What was your name again?One thing I find really hard to do is remembering names and faces and putting the two together. It gets really old having to stare at people's chests to read their nametags, particularly if you need to put on eyeglasses to do so. It's even more embarrassing if it's someone you're supposed to know--like your editor. I've erred on the side of caution and greeted complete strangers like the best friends I thought they were. I've stared blankly at people I know really well online but whom I haven't seen for a year. Or an hour. Apologies to you all.
A bit of science. There's a specific area of the brain for remembering faces, just as there are specific areas of the brain for reading and speaking and so on. Approximately two percent of the population suffers from prosopagnosia, which is a total inability to recognize faces. People with the condition cannot recognize anyone, not even close friends and relatives--the arrangement of features just doesn't compute, and it's mind-boggling to think how you can overcome such a condition. Major researchers of the conditiion from Harvard and University College, London, have a site, faceblind.org, where you can take a test. I took it, and to my surprise came out as average. The faces they show you are all sort of strange, asexual hairless creatures, rather like Voldemort but better looking.
About halfway through the test I suddenly realized that they all had different eyebrows; and rather later on, that some of them could be female. Duh. So possibly I'm better at it than I thought--because gender, after all, is a big clue (except at Nationals where it's nearly all women).
With practice, I think you can remember faces better but you do have to be able to also remember names; there's no area of the brain for that, it all comes down to memory and practice. One technique is to try and take a mental snapshot or two of the person's face and expressions, (not what they're wearing!) and , if you can, tie it into their name. There are hundreds of sources online on how to remember names, but most suggest you try and use the person's name three times in the opening conversation to batter it into your brain; or get them to repeat their name to you. Get their biz card and write something about them on the back (after your conversation, not during; they might think that's a bit weird).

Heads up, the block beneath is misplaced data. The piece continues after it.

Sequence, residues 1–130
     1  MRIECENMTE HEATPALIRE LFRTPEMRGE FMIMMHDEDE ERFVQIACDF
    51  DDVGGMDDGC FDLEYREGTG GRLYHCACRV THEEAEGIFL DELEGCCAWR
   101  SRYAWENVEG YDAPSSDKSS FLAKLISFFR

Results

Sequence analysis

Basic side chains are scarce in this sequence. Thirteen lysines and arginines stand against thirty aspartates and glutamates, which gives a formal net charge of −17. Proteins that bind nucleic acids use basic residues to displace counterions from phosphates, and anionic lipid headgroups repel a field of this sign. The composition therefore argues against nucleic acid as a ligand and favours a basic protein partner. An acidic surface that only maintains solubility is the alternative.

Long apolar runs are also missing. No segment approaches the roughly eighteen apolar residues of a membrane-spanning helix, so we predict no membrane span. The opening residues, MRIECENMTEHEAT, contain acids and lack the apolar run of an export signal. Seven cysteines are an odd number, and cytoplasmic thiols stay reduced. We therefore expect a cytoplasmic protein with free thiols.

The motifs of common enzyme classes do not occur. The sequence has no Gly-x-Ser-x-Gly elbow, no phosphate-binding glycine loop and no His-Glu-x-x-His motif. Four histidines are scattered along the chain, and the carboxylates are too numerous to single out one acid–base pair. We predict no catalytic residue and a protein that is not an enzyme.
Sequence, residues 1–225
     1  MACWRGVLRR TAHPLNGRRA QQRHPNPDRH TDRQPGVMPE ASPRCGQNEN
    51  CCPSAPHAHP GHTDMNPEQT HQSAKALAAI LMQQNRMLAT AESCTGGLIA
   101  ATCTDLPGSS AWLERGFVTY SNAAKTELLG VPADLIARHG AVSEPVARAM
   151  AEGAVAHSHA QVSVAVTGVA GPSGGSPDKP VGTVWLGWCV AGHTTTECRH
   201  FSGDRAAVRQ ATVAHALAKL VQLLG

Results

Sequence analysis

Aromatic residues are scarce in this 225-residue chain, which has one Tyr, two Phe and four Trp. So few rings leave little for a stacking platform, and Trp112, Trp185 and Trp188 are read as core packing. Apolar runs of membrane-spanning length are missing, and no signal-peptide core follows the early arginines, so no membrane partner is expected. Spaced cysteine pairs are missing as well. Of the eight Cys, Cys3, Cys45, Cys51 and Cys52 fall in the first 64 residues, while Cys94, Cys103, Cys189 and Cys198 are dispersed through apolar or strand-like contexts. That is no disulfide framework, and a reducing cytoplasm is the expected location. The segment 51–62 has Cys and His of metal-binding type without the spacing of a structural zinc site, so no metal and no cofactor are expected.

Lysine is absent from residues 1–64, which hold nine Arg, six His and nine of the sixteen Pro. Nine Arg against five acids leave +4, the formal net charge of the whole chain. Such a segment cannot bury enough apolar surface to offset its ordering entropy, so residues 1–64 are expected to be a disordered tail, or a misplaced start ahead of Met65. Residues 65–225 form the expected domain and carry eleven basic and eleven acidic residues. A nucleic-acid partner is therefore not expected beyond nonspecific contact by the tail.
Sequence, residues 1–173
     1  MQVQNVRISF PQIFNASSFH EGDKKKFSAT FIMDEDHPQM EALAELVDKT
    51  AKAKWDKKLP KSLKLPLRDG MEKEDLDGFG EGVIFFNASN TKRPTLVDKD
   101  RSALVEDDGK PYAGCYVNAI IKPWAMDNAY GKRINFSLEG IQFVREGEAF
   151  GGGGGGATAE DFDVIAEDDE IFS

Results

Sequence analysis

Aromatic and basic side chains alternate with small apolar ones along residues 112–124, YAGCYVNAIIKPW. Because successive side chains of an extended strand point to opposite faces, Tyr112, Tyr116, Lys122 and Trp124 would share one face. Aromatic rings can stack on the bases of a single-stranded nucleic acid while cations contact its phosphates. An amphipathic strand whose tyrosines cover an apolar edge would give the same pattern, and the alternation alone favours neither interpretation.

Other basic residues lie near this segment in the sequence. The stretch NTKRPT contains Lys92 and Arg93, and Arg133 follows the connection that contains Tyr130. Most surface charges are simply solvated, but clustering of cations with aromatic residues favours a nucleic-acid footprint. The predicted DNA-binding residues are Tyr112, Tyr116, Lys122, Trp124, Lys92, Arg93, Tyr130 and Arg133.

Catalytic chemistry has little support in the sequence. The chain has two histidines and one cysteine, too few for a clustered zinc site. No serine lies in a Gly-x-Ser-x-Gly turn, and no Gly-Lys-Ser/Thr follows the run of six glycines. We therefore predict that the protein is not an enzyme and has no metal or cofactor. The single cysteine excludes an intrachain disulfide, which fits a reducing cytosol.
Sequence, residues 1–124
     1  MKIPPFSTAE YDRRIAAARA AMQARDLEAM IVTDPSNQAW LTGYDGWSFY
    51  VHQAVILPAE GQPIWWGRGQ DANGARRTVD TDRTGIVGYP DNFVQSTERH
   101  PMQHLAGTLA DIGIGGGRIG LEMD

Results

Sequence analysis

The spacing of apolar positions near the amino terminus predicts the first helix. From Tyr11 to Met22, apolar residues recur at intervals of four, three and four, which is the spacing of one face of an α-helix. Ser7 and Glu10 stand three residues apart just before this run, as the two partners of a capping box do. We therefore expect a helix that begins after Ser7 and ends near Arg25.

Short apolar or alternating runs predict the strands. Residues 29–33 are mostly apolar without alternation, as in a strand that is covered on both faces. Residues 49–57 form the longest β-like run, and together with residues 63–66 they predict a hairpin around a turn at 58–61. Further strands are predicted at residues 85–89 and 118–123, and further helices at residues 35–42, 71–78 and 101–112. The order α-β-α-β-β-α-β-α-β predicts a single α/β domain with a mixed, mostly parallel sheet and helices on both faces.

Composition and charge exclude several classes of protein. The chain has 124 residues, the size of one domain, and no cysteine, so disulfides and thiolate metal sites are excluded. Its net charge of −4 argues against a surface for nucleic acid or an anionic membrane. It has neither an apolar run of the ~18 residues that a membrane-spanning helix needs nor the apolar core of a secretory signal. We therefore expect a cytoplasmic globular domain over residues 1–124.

This article at buildyourmemory.com suggests the use of mnemonics to link names to faces. For instance, try playing with the name--breaking it down into syllables and what the individual words thus created suggest to you. Say I introduce you to my alter ego Jane Lockwood. The syllables are lock and wood; you can visualize both of them. (And, uh, remember Jane writes erotic romance, so you don't necessarily have to think about trees.)
The other method using mnemonics is to try and build an association--a visual image--of the person's name and a physical characteristic, and I must admit that one has me baffled, particularly if the person has a lavishly-syllabled middle European name, for instance. But it may be worth a try. If the person's last name is Duck and they have a flattish, protuberant nose, you're in luck (just try to stop calling him Bill unless it's his name).
Here's a list of web articles that you might find useful on how to remember names and what to do if you don't. Remember that if you sweat over it, you'll make it worse. If you go in to a room full of people worried that you're not going to remember names and setting yourself up to fail, you're not going to have fun or learn or be at your best.